Should Minimally Invasive Esophagectomy Now Be Standard? Should Minimally Invasive Esophagectomy Now Be Standard?
With hybrid minimally invasive esophagectomy, the incidence of complications is lower than with open esophagectomy, but the overall survival rates are similar.Medscape Medical News
(MedPage Today) -- Lower infection, 30-day mortality rates than with Whipple, esophagectomy
ConclusionIn the absence of anatomical or other functional abnormalities of the gastric conduit, revisional surgery is contraindicated; rather, the diagnosis of rumination syndrome should be considered. The role of behavioral therapy integrated with diaphragmatic breathing training and biofeedback should be investigated in these patients.
Conditions: Clinical Stage I Esophageal Adenocarcinoma AJCC v8; Clinical Stage I Esophageal Squamous Cell Carcinoma AJCC v8; Clinical Stage I Gastroesophageal Junction Adenocarcinoma AJCC v8; Clinical Stage II Esophageal Adenocarcinoma AJCC v8; Clinical Stage II Esophageal Squamous Cell Carcinom a AJCC v8; Clinical Stage II Gastroesophageal Junction Adenocarcinoma AJCC v8; Clinical Stage IIA Esophageal Adenocarcinoma AJCC v8; Clinical Stage IIA Gastroesophageal Junction Adenocarcinoma AJCC v8; Clinical Stage IIB Esophageal Adenocarcinoma AJCC v8; Clinica...
ConclusionsTUBB3 negative expression prior treatment and pCR may indicate a better prognosis for stage II and III ESCC patients after nab-paclitaxel plus cisplatin neoadjuvant chemotherapy following radical esophagectomy.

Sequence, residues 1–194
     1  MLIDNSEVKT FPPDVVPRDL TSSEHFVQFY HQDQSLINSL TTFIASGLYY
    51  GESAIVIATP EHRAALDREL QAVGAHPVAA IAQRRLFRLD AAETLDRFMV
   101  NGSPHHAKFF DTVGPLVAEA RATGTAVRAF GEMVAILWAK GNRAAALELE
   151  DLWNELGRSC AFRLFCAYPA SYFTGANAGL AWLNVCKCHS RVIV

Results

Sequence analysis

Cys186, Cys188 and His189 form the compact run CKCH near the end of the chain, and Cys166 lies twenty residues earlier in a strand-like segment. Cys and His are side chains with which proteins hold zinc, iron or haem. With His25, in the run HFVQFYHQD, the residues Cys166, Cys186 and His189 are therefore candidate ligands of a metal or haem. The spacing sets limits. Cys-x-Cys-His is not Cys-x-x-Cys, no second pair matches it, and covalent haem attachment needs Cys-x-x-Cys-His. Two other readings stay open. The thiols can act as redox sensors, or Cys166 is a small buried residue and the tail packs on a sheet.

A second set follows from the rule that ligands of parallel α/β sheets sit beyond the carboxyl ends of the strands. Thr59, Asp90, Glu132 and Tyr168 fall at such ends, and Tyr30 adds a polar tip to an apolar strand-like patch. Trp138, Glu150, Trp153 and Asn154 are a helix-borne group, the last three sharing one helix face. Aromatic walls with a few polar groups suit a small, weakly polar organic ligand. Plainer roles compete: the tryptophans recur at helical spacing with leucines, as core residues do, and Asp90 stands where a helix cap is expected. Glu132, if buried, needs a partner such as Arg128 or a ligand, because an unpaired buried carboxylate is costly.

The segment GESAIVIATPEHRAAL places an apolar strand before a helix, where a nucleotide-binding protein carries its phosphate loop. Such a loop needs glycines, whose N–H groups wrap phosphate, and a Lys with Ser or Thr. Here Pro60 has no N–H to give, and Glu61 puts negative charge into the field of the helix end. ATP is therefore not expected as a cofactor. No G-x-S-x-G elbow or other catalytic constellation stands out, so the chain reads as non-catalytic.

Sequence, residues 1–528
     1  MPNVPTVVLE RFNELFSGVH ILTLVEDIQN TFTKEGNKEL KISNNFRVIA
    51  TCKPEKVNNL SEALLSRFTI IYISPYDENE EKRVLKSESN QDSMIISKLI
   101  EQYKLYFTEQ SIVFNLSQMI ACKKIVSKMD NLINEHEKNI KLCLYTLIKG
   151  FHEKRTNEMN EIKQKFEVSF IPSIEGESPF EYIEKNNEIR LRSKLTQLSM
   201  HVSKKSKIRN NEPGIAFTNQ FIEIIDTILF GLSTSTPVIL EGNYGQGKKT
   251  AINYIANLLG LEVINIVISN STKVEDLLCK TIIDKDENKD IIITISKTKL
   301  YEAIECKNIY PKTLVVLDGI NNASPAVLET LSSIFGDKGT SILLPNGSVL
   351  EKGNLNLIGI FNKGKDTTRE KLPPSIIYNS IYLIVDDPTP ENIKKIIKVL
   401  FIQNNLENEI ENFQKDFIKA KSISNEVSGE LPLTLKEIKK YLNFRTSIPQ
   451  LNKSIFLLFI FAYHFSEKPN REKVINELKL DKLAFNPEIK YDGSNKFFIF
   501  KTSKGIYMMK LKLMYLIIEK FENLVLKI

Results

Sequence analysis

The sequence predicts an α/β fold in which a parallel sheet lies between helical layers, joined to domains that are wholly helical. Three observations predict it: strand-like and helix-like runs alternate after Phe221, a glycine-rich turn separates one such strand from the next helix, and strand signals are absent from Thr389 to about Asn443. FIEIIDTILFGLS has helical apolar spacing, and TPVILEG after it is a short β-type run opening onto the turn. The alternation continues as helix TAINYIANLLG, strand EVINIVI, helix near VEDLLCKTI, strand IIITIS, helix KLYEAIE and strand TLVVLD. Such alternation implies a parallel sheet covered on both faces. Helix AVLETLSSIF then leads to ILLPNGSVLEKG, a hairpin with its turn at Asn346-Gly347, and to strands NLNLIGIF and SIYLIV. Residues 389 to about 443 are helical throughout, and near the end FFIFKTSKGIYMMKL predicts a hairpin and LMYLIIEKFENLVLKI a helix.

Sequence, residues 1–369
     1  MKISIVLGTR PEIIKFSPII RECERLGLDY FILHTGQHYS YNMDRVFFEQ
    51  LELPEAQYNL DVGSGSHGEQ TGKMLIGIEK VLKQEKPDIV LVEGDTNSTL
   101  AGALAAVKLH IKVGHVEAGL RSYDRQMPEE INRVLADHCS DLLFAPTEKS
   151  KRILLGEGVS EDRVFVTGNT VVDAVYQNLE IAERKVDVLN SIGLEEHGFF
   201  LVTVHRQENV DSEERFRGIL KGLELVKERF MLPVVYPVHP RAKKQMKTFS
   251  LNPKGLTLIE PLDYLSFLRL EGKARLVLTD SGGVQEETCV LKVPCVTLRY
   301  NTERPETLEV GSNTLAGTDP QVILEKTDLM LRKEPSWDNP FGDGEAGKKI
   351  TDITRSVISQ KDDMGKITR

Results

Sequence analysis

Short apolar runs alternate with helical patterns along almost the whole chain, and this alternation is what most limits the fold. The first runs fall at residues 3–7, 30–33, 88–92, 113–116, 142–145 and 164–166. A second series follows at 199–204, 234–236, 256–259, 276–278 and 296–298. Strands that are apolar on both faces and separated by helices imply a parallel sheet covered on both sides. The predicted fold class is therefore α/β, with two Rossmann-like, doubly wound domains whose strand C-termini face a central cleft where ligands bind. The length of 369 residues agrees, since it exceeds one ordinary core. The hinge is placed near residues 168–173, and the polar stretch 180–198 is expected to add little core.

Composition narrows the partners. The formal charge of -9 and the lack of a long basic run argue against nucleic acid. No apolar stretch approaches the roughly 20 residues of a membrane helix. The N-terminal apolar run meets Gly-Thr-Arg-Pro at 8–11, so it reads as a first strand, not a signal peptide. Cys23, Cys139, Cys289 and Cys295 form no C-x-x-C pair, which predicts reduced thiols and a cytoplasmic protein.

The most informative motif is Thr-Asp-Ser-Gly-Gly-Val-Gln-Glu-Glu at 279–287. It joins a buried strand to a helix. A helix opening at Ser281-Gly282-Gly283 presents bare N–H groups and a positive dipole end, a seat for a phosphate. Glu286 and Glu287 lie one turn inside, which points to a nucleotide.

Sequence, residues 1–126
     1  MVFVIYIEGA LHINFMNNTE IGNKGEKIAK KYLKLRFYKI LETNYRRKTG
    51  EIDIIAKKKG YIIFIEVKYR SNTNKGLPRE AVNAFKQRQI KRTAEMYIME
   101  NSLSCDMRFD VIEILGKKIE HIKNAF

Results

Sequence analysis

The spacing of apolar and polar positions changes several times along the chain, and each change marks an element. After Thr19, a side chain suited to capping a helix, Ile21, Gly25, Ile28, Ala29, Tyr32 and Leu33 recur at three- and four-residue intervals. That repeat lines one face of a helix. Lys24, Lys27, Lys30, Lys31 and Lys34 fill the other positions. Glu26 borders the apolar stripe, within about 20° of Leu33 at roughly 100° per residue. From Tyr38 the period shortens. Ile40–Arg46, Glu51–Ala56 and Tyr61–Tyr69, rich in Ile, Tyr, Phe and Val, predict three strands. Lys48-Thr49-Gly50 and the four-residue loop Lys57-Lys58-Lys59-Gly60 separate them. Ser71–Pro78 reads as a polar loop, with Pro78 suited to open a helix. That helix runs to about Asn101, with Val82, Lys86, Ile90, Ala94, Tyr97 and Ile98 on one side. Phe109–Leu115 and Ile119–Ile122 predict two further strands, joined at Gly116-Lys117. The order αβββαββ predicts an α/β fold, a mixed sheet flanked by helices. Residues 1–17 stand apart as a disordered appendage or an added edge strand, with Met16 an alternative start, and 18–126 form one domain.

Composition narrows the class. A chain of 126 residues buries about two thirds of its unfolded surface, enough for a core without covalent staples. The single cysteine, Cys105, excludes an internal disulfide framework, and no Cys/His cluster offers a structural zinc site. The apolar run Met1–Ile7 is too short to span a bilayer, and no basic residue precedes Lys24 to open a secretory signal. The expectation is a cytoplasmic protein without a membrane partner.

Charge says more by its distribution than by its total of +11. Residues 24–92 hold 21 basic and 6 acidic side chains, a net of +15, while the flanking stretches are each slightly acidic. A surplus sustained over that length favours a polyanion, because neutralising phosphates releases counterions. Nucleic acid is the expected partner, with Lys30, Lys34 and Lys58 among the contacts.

ConclusionThe immunohistochemical study is essential for the diagnosis, which is based on the positivity for S-100 protein and absence of staining for CD34 and CD117.
ConclusionsOur preliminary results demonstrate that this technique is safe and feasible for treating esophageal cancer within an acceptable length of operation time, which does not compromise the surgical radicality.
ConclusionThese results showed that the single-port inflatable mediastinoscopy combined with laparoscopy is feasible for radical esophagectomy and possesses good therapeutic efficacy and safety.
ConclusionThe clinicians should consider managing the patient’s position with anatomical familiarity to avoid brachial plexus injury due to intraoperative positioning.
CONCLUSION: Routine prophylactic cholecystectomy during esophagectomy could be safe but unnecessary. PMID: 30618322 [PubMed - as supplied by publisher]
AbstractBackgroundInsufficient blood supply in the gastric tube is considered as a risk factor for postoperative anastomotic strictures in patients receiving esophagectomy, but the direct evidence is lacking.AimsWe aimed to investigate the correlation between perioperative blood supply in the anastomotic area of the gastric tube and the formation of anastomotic strictures in the patients undergoing esophagectomy.MethodsThis prospective study included 60 patients with esophageal squamous cell carcinoma undergoing Ivor Lewis esophagectomy between March 2014 and February 2016, which were divided into stricture group (n&...